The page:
Sharing Day 30th June 2018 Review
Thursday, July 5, 2018
Gordon Giltrap ‘Heartsong’ sharing day - 30th June 2018 review by Norman Glover
As a long term fan of Gordon’s music, ever since first seeing him live at Newcastle City Hall in March 1978 at the tender and impressionable age of 17. l have closely followed his musical career: regularly attending the gigs, buying the records, cds and books.
Consequently, as a fan and an enthusiastic guitarist, I was aware of Gordon’s sharing days, but had previously thought that the distance for me to travel to them was a little too far, for a parochial northern wimp like myself. However, when it was announced that the 30th June sharing day was to be dedicated to playing Heartsong it was the proverbial kick up the pants that I needed to get my act together and go to a sharing day. I have played a half-baked ‘approximation’ of Heartsong for years and decided that now was the time to challenge myself to actually learn to play it all ...and properly!
Setting off from home, just outside Durham, just before 6am, I reached the scout hut in Mere Green Sutton Coldfield around 9.30am. Several people, including Gordon, were already there, chatting and setting up, I was relieved it was so easy to find the correct venue and that parking was no problem. On arrival, Gordon and his team warmly welcomed everyone and people mingled over a friendly chat with coffee and biscuits.
The programme for the day opened with the dozen or so attending guitarists in a semi-circle around Gordon, who kicked things off with a passionate rendition of Heartsong. This was followed by a fascinating chat about the actual song: its origin’s, its recording, the instruments used and the fellow musicians involved. This was followed by a very entertaining and relaxed Q&A with Gordon answering several questions from the audience with entertaining stories and anecdotes about Heartsong.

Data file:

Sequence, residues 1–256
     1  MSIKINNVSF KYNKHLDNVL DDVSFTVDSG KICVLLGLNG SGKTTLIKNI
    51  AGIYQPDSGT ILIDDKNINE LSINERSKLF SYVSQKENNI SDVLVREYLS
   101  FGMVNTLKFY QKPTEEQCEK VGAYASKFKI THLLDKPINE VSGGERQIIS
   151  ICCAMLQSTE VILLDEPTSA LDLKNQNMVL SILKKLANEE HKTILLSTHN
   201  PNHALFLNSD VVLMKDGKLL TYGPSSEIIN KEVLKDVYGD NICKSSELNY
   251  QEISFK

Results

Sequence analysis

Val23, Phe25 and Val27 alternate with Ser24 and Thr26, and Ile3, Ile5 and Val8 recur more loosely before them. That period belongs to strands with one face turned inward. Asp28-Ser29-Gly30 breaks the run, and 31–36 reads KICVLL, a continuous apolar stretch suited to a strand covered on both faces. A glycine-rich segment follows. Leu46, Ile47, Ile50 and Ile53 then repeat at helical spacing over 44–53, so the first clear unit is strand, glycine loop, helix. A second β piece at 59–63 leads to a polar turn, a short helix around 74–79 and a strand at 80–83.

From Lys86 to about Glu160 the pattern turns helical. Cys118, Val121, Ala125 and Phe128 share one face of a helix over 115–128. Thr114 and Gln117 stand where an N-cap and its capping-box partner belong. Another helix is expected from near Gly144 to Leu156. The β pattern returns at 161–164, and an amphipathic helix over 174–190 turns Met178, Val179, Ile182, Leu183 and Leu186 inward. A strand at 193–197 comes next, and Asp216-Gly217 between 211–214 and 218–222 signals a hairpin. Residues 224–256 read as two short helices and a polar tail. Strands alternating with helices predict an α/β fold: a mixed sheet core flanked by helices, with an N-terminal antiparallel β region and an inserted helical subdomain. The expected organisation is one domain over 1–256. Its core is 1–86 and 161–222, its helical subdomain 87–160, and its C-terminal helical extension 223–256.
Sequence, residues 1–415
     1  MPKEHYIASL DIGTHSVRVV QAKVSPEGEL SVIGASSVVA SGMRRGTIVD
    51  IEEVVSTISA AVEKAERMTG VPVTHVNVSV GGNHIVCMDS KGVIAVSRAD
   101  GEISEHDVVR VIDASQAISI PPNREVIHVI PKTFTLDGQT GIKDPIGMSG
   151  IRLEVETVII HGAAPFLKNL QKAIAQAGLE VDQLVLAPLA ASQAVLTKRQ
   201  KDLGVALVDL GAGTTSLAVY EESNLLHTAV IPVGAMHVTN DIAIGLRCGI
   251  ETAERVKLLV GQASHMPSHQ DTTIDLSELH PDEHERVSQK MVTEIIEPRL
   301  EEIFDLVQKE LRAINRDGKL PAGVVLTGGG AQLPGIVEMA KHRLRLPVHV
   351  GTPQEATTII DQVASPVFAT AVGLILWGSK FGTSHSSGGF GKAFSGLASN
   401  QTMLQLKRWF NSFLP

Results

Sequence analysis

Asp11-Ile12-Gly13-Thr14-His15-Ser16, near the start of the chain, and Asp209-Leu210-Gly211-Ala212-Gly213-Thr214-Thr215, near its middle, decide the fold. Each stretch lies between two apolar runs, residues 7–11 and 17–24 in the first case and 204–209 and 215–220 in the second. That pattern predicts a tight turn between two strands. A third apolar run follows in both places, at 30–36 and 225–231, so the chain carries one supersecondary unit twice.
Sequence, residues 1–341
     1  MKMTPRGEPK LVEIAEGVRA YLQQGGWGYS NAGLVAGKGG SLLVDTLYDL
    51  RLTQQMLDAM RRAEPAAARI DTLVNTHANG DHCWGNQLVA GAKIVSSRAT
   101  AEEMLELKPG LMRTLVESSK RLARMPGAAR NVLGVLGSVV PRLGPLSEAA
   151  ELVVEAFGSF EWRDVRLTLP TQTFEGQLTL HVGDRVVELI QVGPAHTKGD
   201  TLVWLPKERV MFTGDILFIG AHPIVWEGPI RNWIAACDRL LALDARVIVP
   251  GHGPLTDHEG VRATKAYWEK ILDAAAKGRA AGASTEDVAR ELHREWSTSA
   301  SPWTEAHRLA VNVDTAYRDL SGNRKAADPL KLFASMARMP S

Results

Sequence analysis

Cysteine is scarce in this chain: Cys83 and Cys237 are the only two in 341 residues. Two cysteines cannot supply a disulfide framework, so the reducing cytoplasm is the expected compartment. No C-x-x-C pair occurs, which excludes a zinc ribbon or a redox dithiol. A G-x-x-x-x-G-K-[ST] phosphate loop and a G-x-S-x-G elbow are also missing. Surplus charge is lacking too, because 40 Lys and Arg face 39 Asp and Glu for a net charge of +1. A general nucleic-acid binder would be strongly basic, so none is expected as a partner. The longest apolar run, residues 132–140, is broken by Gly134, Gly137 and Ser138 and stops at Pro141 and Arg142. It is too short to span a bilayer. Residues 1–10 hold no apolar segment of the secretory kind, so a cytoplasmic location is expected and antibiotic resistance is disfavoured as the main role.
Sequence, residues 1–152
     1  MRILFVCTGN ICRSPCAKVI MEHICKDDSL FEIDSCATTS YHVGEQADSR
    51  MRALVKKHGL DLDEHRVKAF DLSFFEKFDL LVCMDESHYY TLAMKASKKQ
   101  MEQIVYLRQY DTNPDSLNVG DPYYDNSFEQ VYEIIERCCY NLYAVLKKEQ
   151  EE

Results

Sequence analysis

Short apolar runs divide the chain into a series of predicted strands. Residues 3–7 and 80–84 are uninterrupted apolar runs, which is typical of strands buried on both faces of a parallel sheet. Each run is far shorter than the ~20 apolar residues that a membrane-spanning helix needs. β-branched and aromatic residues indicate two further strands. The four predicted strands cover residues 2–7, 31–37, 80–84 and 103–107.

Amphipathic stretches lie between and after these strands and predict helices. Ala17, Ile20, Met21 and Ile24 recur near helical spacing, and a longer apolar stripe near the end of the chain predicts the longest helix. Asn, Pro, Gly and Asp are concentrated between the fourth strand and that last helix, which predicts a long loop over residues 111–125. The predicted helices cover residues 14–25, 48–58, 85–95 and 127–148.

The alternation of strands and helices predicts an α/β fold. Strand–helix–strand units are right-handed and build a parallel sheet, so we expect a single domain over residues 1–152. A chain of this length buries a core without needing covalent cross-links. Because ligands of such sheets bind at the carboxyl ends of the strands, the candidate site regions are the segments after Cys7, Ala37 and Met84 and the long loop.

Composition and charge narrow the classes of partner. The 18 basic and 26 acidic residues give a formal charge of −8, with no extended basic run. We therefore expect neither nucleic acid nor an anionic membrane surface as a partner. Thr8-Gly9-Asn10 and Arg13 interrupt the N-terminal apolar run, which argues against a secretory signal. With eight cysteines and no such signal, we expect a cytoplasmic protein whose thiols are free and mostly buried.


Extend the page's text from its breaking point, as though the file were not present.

Following this, the first instructional part of the morning session focused on Heartsong’s opening strummed chordal section. Here Gordon initially demonstrates it to the whole group in detail, emphasising the rhythm, timing and where to use the double strum to best effect. Following this he then worked his way methodically around individual players, and groups of players, patiently giving help, advice and encouragement to help them play this section.
After recharging on more coffee and biscuits, we started on the second instructional part of the morning session, the tricky (for me anyway) ‘widdly widdly’ section. Here Gordon, once again, clearly and slowly demonstrated the different parts to this section of the song first to the whole group, before working his way around individual players giving encouragement and guidance. I found this particularly helpful and it gave me a clearer understanding of how to play it. It helps that Gordon is a patient, humorous and natural tutor.
Everyone broke for lunch around 1 pm. The venue is opposite a convenient branch of Sainsbury’s so it was easy to nip out for a quick sarnie come back for more social chat and coffee.
The afternoon session kicked off with Gordon interviewing Nick Hooper. Nick is not only a superb guitarist but an acclaimed and award winning film/tv composer with not one, but two Harry Potter films under his proverbial belt. This entertaining and informative interview ended with Gordon and Nick playing several duets together, including Kerry Dancers, all of which not only sounded great ...but was fantastic advertisement for Fylde guitars.
Following on from this, Nick played a brief solo set of several pieces from his latest CD of Irish music: ‘6 Strings’. I really enjoyed Nicks short set, particularly his impressive arrangement of Star of Munster. In fact, I enjoyed it so much I bought his CD from Amazon that very night.
Further recharging with coffee and biscuits brought us to the second half of the afternoon session, which was an all request solo set by Gordon. With so many great pieces to choose from the audience requests included, amongst others: Down by the River, The Lords Seat, The Echoing Green (my choice) and Tailor Bird. It was only appropriate that Gordon should close the afternoon session, and whole day, with a powerful and impassioned rendition of Heartsong.
The day closed around 4.30/5 pm and after a lengthy drive I was home by 9pm. It was a long day but very well worth it and I’ll certainly make every effort to attend the next one.
The whole day was friendly, relaxed, entertaining and helpful, Gordon was always on hand and keen to answer questions, give advice and autograph items: he kindly signed my vinyl visionary LP and the headstock of my K.Yairi Gordon Giltrap signature model YGG-1 guitar.
There is an old adage that you should never meet your heroes as you’ll inevitably be disappointed: In this instance don’t believe a word of it. If you play guitar and enjoy Gordon’s music then I would highly recommend that you attend one of his future sharing days.
Photos 2 and 3 in this article © Norman Glover